An Emotional Year (2017) at the Movies
Thirty-eight films consumed in 2017. The breakdown:
- 58% made me THINK
- 42% made me LAUGH
- 50% made me CRY
- 16% were EMOTIONALLY DEVOID
- 21% were TRIFECTAS
Movies that most made me THINK
Women may be in a bad position, but it’s not all bad. So in a true quest for equality, it won’t only be about getting things, there will also need to be some giving. Or is this quest really about wanting equality in areas where women are lesser without any equality where men are lesser?
It’s true that biggest advances come when we can fundamentally change a system, but that’s such a monumental task it may not yield anything at all. Meanwhile, someone focused simply on saving some lives in this moment, a sort of band-aid solution, is obviously doing good. What are the second-order consequences of this? Who knows. That’s part of the magic. Through very concentrated short-term effort, long-term ideas can surface, ideas that couldn’t have surfaced without first trying to save a single person, today.
After absorbing this reality and thinking harder about Beauty and the Beast than I ever imagined, another reminder has appeared: more knowledge can equal less confidence. This, of course, doesn’t mean that there isn’t truth. It does mean, though, that the honest search for answers drenches one in complexity wherein sanctimoniousness is hard to justify – even if you possess the answer.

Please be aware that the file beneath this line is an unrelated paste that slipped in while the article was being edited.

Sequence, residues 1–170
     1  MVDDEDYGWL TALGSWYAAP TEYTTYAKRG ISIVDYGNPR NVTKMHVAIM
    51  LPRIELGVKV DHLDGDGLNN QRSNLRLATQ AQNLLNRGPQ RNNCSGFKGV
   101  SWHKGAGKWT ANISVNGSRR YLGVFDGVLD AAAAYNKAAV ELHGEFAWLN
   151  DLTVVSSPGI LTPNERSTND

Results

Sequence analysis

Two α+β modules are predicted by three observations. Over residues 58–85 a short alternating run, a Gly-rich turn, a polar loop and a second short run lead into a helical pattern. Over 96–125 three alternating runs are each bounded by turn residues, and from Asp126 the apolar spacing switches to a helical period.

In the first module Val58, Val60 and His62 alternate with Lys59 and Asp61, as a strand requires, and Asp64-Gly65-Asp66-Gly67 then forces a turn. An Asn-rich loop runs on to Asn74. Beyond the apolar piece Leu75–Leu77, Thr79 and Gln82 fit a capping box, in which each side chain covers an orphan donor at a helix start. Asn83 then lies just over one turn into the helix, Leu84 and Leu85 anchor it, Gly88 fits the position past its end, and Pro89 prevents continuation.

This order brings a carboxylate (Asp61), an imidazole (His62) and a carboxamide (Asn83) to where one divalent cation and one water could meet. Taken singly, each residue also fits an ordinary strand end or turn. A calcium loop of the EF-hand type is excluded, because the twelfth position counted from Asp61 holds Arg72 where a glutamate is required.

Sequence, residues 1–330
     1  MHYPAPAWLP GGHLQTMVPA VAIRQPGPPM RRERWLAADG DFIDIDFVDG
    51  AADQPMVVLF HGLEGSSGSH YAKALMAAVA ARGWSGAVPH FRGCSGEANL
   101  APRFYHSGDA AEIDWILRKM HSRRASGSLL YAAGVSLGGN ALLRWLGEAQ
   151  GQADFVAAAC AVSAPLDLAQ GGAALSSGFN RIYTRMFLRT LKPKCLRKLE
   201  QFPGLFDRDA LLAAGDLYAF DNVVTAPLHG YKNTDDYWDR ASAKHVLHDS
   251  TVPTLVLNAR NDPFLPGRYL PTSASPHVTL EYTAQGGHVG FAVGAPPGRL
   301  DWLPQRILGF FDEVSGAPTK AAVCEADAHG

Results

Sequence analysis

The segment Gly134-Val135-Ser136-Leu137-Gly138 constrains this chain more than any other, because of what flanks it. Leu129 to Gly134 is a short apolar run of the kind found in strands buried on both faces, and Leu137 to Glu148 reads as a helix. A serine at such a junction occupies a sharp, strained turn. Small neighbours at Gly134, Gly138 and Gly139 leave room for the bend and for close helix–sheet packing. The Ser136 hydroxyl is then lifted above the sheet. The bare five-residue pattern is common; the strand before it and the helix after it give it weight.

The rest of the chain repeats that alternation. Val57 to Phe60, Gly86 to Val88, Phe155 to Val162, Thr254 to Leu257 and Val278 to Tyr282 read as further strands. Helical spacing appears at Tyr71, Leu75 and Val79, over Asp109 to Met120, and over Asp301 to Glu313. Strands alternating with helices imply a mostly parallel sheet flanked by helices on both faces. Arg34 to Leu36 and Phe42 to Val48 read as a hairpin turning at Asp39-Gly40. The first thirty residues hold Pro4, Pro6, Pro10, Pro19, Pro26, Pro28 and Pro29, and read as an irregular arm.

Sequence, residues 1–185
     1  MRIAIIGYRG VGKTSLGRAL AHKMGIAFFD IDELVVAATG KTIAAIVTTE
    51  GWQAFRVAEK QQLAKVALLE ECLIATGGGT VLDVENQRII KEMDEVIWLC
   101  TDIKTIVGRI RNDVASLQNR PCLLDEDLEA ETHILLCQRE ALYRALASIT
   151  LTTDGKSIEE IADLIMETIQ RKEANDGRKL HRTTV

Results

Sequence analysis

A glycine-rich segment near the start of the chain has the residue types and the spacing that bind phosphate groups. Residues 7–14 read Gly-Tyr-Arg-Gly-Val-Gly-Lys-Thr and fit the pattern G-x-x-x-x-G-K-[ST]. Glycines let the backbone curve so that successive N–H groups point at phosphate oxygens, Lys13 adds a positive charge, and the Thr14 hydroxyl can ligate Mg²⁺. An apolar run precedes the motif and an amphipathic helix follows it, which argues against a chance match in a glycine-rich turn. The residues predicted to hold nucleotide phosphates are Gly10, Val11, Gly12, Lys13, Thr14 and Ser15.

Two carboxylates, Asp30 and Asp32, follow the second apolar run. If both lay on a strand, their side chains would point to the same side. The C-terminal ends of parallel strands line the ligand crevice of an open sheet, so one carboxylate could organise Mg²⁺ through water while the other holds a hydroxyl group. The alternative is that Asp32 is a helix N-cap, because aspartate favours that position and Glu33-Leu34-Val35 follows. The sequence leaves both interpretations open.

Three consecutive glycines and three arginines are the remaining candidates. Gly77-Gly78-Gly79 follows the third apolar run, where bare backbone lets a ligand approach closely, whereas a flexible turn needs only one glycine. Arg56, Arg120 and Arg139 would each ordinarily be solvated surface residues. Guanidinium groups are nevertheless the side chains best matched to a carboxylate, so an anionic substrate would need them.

Movies that most made me LAUGH
Mooney surely made most viewing adults yearn for a time when fun was effortless. “Playing” in childhood is perhaps the foremost example of truly living in the moment; there’s no real plan other than following that which is interesting. At its best, everything is interesting, from hustling for ice cream, to directionless walks, to watching women sunbathe topless.
But markets are smart. The overwhelmingly likely reason one has unearthed an area devoid of competition is because that area isn’t worth competition. Love, unlike trash collection, is an inherently interesting topic – an artist may struggle to stand out, but that artist is also guaranteed great starting material.
Tom Cruise’s brilliance. The ninja moves around the pool table. The cockiness. The showmanship. The red stud earring that I have never seen anyone else wear (but that I now kind of want to wear myself). His fantastic mix of seriousness and condescension upon revealing the great hustle to Eddie. The freaking eponymous t-shirt.
Movies that most made me CRY
The final scene was wonderful in many of the same ways that the entire film was wonderful: it didn’t say anything explicitly.
“He taught me passion, commitment, confidence. Confidence to say that I care for people. Confidence to say that I love you. That it’s o.k. to be emotional. You are not soft if you show your feelings as a man. He gave me that.”